LEGO stirs up different images these days. It used to be a term synonymous with building blocks. Now it's just as likely to strike up memories of humorous movie adaptations and quirky kids' shows featuring talking animal warriors. The latest LEGO game for Android concerns the latter.
LEGO Legends of Chima: Tribe Fighters is a top-down shooter the likes of which we've been playing for decades. Your character runs upwards, firing shots at regular intervals.
Zynga acquired NaturalMotionGames about a year ago for over half a billion dollars, and now the maker of titles like CSR Racing and Backbreaker Football has released the trailer for its first post-Zynga project. The game is called Dawn of Titans, and it's a big departure from the games NaturalMotion has been making thus far. In Dawn of Titans you control armies led by giant warriors as they do battle with other players. The developer promises fluid performance and quick gameplay that makes sense on a mobile device.
Puzzle games are a natural fit on mobile devices thanks to their simple pick-up-and-play mechanics and basic controls that actually work better on touchscreens than traditional game controllers. Android gamers looking for their next high-quality fix may be happy to know that Blockwick 2 has made its way into the Play Store.
In a lot of ways, NVIDIA's SHIELD (not to be confused with this SHIELD or that SHIELD) is a typical set-top box. And in many ways it isn't: though NVIDIA has built its living room invader on Android like the previous products in the line, the OS underneath is merely a means to an end. And that end is selling you games, in every form and fashion that the company can come up with.
SHIELD will release its Android TV-powered console sometime in May with a suggested retail price of $199. We took a good long look at both the hardware and the games that NVIDIA hopes you'll play on it.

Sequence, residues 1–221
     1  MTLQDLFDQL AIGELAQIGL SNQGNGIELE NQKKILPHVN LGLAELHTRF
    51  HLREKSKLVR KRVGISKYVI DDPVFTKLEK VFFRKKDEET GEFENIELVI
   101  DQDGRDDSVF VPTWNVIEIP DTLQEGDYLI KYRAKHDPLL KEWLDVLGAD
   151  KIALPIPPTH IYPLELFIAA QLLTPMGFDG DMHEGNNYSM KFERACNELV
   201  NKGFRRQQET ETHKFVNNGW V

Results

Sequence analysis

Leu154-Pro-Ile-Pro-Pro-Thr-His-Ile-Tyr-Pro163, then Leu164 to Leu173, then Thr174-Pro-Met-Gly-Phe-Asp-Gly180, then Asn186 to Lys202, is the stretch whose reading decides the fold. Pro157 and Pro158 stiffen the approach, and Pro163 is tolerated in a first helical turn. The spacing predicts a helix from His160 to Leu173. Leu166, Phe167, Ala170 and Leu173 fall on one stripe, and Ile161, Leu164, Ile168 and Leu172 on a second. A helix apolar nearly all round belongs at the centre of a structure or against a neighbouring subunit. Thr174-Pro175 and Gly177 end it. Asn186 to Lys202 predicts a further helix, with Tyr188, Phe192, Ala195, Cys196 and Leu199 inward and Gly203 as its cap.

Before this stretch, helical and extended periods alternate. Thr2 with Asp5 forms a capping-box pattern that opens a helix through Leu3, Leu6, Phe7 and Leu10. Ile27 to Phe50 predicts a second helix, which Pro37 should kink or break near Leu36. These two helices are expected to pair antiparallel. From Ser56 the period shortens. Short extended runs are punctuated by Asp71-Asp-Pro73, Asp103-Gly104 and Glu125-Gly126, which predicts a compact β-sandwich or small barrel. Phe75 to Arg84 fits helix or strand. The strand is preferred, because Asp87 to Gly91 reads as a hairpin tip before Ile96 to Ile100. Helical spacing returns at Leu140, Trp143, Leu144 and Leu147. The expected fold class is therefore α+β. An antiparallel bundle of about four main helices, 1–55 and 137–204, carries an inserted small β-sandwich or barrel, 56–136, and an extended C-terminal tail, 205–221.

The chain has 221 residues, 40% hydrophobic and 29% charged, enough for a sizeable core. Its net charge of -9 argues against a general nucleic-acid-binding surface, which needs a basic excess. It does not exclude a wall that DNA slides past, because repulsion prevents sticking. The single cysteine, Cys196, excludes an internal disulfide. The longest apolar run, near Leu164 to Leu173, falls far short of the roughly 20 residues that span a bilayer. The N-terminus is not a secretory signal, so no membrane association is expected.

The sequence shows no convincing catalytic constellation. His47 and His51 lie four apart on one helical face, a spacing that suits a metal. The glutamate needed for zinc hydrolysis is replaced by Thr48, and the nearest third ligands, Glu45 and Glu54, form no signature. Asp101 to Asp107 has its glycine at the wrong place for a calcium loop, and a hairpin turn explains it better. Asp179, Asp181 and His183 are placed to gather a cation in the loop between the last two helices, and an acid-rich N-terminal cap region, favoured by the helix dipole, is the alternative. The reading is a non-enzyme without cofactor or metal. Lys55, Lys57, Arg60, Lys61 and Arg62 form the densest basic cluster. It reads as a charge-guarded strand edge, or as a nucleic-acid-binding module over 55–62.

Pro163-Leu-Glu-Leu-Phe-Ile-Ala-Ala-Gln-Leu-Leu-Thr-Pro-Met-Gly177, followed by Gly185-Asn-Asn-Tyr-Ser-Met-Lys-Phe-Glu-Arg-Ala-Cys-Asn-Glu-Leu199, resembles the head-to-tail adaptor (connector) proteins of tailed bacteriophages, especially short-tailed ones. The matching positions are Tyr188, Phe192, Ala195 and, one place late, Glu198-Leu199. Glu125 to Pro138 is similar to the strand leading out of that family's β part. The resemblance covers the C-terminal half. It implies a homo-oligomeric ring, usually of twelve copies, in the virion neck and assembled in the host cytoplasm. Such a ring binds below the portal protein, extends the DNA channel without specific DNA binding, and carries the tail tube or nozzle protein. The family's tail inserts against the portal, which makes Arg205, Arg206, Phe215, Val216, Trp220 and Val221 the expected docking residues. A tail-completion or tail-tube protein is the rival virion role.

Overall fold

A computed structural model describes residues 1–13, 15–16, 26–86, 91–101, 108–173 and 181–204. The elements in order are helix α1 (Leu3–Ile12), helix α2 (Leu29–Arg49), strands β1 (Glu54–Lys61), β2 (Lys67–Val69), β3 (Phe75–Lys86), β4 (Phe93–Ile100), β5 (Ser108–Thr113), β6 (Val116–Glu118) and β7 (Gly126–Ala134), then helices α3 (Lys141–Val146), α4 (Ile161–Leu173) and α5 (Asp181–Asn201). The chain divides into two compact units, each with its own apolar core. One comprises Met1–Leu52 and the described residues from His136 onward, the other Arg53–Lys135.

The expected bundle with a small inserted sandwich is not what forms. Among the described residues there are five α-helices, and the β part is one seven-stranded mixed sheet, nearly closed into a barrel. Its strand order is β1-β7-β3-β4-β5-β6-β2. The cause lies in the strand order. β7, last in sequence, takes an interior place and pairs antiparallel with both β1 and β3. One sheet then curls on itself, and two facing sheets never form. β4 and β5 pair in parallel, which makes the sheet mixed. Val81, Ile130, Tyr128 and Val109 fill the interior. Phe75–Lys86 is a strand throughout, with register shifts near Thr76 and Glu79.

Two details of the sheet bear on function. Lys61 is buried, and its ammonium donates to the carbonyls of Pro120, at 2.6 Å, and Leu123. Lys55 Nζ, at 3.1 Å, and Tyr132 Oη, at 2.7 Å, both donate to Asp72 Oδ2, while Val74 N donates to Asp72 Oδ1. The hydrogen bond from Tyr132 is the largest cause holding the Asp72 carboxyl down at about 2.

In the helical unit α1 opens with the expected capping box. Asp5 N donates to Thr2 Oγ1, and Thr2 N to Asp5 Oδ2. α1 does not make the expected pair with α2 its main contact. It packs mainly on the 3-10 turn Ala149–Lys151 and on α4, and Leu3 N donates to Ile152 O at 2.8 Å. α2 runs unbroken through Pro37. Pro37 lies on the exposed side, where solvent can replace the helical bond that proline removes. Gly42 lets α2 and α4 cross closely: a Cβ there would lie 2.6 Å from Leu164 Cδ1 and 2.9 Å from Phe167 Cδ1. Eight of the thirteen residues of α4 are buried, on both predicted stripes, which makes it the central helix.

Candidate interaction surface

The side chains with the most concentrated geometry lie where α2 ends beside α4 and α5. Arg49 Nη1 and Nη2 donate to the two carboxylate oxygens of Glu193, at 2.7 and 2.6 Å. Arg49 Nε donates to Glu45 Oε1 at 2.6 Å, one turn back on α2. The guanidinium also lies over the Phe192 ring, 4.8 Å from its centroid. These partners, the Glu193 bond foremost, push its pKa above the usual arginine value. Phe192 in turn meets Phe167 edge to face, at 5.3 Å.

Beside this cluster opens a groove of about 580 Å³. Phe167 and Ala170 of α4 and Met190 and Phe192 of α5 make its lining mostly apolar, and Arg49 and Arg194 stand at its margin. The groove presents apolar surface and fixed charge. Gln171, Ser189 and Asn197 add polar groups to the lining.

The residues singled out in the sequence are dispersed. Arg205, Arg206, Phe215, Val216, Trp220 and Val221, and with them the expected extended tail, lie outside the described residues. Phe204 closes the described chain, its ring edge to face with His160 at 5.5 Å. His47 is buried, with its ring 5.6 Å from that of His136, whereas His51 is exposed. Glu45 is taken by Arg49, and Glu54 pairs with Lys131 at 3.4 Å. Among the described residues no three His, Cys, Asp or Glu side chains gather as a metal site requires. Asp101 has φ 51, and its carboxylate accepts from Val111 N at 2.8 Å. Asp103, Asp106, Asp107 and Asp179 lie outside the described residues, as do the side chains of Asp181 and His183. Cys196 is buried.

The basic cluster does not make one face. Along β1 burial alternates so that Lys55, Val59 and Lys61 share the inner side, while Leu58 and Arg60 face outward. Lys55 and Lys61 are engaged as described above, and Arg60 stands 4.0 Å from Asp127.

Roguelike games have become a big deal lately, and several notable ones have come to Android including bit Dungeon II and Wayward Souls. The latest title to migrate to Android is Pixel Heroes: Byte & Magic, which gets rave reviews on Steam. It's a little pricey at $6.99, but you should at least watch the video below. It as much a performance piece as it is a game promo.
You might know ZeptoLab as the developer of the Cut the Rope games, but now you can also steal the gold in King of Thieves. This game is basically part action-platformer and part Dungeon Keeper. If that sounds both confusing and interesting, you can try it for free.
We are, at this point, familiar with fake apps in the Play Store—they pop up from time to time, but Google swiftly eliminates them. It seems like for all its efforts in cleaning up the Play Store, Google has a blind spot when it comes to books. There are multiple publisher accounts in Google Play Books that claim to offer cracked APKs for a dollar or two, and people are buying them. Instead of getting a cheap game, all people are getting is disappointment and malware.
Mortal Kombat fans have been looking forward to Mortal Kombat X, the newest next-gen entry to the long-running fighter series, for quite a while. Now, as they've already done with properties like Injustice: Gods Among Us and WWE: Immortals, Warner Bros. is preparing a mobile companion app to go along with the much more complex console game. It will be available sometime in April, probably around the same time that the full game is released.
The mobile version will come from WB's in-house developer NetherRealm, which also developed the mobile versions of Batman: Arkham City Origins, Injustice, and Immortals. That being the case, you can expect a swipe-and-tap combat system and an upgrade/collection mechanic that dips into the deep end of the free-to-play pool.
I'm going to be honest, when Mad Catz announced the $300 controller/stand/keyboard/Bat'leth that is the LYNX 9, I thought the company had gone off the deep end. But their latest Bluetooth combo gadget actually looks sort of cool. Say hello to the The S.U.R.F.R (yeah, the names haven't gotten any better), a Bluetooth controller that crams in a thumb-sized keyboard in a pocket-friendly form factor.